Humanity’s oldest migration route leads through the deserts of Africa, along the Nile to the north, across the Sinai Peninsula to the Middle East and Turkey, then on via the Balkans to Central Europe. A few thousand Africans traveled to Europe on this route during the momentous 2015 summer of migration. Among the Syrians and Afghans who marched across the Balkans at that time, Africans were just a small minority.

Today this historic route is closed. Israel had already built a fence along the border with Egypt. After the 2016 refugee deal with the EU, Turkey closed its southern border with Syria. Earlier, Spain sealed off its two North African exclaves Ceuta and Melilla with razor wire. The two neighboring continents of Africa and Europe are now artificially separated.

Europeans are sending Africans the message: ‘You cannot get in here.’ If you try, you could die. And if you do arrive, you must live in misery. The fate that awaits you here are camps like those on the Greek islands.

To make sure that the ‘KEEP OUT’ message reaches Africans, EU states hire ambassadors like Hervé Tcheumeleu, a Cameroonian based in Germany. He receives $50,000 from the German Foreign Office to tour schoolyards in Cameroon and make young girls say sentences like ‘Illegal emigration is not good,’ and then ask for ‘Applause for this clever girl!’ His audience is supposed to believe what he says: ‘Anyone who travels without the necessary papers has no rights. And this has nothing to do with racism. That’s just the way it is.’[1]

The EU has spent billions buying African leaders as gatekeepers, including dictators and suspected war criminals. European border guards train their African counterparts to stop migrants and refugees. At the EU’s request, key transit states have passed laws against people smugglers.

The smuggling rings often bring together gangsters and corrupt state employees, who also get money from the EU to stop smuggling. So they earn double.

Migrants and refugees, on the other hand, are criminalized. Irregular border crossings are punishable offenses. People who try are hunted by well-equipped border guards in the desert, arrested, put in camps or prisons, or sent back to their state or some other country; ‘encouraged,’ voluntary – or not. And that is still the good side of the story.

The other side is murderous: thousands of people from Africa perish in this new world of fences and mobile border troops; dehydrated in the desert, drowned in the Mediterranean Sea, force-recruited by Islamist militias, enslaved, tortured, beheaded or bled to death in the razor wire.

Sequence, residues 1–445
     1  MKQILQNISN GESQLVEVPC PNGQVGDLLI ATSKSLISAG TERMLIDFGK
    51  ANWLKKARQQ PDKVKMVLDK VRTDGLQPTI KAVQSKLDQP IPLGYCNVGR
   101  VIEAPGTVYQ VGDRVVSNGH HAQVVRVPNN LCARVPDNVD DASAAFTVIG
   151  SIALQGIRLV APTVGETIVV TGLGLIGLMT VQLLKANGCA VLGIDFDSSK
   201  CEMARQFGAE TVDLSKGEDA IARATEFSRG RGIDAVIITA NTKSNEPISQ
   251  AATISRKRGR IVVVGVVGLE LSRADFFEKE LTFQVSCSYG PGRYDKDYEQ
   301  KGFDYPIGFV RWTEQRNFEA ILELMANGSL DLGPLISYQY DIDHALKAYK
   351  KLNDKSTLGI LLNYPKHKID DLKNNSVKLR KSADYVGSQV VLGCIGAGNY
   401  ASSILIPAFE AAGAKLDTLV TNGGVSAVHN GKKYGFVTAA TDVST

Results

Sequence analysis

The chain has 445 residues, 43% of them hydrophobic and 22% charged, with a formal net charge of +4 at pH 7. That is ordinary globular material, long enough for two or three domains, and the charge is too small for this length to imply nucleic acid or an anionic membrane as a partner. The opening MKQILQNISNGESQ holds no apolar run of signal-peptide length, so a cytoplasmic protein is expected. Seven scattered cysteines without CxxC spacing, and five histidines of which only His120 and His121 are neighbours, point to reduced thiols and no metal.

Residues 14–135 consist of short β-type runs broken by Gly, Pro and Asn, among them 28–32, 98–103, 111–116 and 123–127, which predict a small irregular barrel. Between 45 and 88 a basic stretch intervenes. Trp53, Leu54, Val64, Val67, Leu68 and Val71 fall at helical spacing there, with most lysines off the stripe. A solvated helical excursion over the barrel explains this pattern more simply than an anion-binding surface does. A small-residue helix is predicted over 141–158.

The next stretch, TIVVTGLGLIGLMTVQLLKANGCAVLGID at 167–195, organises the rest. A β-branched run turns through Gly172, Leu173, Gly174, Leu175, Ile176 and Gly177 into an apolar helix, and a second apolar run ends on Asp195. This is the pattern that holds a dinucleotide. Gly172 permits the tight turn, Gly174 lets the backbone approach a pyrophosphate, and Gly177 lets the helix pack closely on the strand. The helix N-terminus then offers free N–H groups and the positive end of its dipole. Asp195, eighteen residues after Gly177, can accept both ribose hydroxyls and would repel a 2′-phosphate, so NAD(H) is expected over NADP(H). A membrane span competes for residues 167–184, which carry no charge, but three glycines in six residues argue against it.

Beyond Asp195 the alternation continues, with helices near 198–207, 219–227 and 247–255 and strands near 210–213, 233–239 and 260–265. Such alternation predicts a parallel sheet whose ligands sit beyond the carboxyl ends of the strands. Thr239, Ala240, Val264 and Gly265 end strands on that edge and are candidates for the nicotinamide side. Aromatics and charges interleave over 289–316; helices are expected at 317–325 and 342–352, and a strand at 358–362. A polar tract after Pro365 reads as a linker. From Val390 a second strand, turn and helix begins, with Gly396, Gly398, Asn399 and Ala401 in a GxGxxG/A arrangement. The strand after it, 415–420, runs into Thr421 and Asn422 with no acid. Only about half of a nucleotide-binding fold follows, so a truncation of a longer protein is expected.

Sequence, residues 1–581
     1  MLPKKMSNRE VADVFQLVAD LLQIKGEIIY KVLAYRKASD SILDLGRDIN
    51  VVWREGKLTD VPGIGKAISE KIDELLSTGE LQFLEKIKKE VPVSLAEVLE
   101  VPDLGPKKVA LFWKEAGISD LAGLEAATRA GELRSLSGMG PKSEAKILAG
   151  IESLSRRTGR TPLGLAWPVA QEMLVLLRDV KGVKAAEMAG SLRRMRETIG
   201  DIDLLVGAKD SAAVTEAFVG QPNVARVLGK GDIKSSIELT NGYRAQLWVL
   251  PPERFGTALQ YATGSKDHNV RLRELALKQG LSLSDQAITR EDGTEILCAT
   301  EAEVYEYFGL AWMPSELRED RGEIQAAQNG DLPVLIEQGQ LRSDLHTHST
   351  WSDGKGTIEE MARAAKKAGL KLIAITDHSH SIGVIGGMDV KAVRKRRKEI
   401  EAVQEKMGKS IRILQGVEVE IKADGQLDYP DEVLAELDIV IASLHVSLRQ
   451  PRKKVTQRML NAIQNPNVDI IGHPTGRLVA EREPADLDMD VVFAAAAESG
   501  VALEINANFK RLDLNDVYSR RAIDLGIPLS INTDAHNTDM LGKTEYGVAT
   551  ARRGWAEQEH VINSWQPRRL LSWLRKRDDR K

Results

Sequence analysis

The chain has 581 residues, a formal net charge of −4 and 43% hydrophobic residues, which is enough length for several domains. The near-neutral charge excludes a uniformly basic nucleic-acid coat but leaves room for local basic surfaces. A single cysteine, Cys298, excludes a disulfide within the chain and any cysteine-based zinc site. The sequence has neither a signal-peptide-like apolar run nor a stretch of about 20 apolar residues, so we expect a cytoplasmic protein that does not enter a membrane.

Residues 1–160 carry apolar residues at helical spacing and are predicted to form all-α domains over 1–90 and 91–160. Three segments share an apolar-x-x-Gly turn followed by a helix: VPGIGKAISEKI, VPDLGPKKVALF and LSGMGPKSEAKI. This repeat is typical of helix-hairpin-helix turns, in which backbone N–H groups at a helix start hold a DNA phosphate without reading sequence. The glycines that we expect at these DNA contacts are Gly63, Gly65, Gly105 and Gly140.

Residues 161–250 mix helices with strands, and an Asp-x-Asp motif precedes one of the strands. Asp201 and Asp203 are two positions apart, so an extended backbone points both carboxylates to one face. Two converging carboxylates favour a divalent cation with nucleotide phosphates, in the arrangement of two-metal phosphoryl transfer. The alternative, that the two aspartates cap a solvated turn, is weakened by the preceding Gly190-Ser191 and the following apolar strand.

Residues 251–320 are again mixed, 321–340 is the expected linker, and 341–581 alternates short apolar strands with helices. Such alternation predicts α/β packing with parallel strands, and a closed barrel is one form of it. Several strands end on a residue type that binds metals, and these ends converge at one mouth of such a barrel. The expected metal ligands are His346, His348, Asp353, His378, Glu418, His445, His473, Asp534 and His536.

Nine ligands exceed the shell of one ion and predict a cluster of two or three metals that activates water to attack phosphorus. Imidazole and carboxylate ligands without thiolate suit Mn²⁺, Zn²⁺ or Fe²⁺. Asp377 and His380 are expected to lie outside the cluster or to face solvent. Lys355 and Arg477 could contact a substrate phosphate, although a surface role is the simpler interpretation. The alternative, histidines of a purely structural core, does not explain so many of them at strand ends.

The death toll is rising. At least 12,046 people drowned off Libya between January 2015 and February 2019 alone.[2] Some African civil wars are less deadly. However, the EU is pleased with the sinking number of arrivals: registered unauthorized border crossings fell from 204,000 to 151,000 in 2018.[3] This was 27 percent less than in the previous year and a decline for the third year in succession. ‘Regarding irregular arrivals, we’re not facing a burning crisis right now,’[4] said Frontex Director Fabrice Leggeri at the presentation of his latest risk analysis in Brussels in February 2019.

A growing number of African heads of state are publicly criticizing the EU for letting people die at its gates. Mali’s President Ibrahim Boubacar Keïta addressed Merkel at the G20 Africa Partnership Summit in Berlin in June 2017: ‘Every time a young African dies in the Mediterranean, we get sick – honestly, Madam Chancellor.’[5] A year later, the EU-Africa summit in Abidjan collapsed and ended with a diplomatic scandal. There was no joint final declaration. The views on migration remain too different.

Today, any person lucky enough to get from Africa to Europe must undergo a lengthy procedure to obtain asylum. Deportation is a frequent outcome: often by brute force, in handcuffs, possibly not even to the person’s country of origin. Perhaps the EU decides that a deportee is not from Sierra Leone, but from Nigeria, as in the case of Joseph Koroma. Frontex may leave deportees in a country where they know no one and no one wants them. African countries who enter such deals benefit from EU equipment and training for their security forces. From here, it is no big step towards Israel’s forced, systematic deportation of Eritreans via Rwanda to Uganda.

The EU has been negotiating with African governments since the 2015 escalation in the Balkans. Europe is trying to buy Africa’s willingness to serve European interests. By threatening to cut aid, the EU has subdued African states Niger, Sudan, Ethiopia, Senegal or Morocco – sometimes against the will of their own populations.

Negotiations often took place behind closed doors so as not to alert civil society. For example, in December 2016 Mali’s President Keïta signed a communiqué on readmissions and then denied it after protests in Bamako. Many African citizens still do not know what their governments are doing to serve the EU. This is not in line with the original aim of European development aid: to promote democracy in Africa.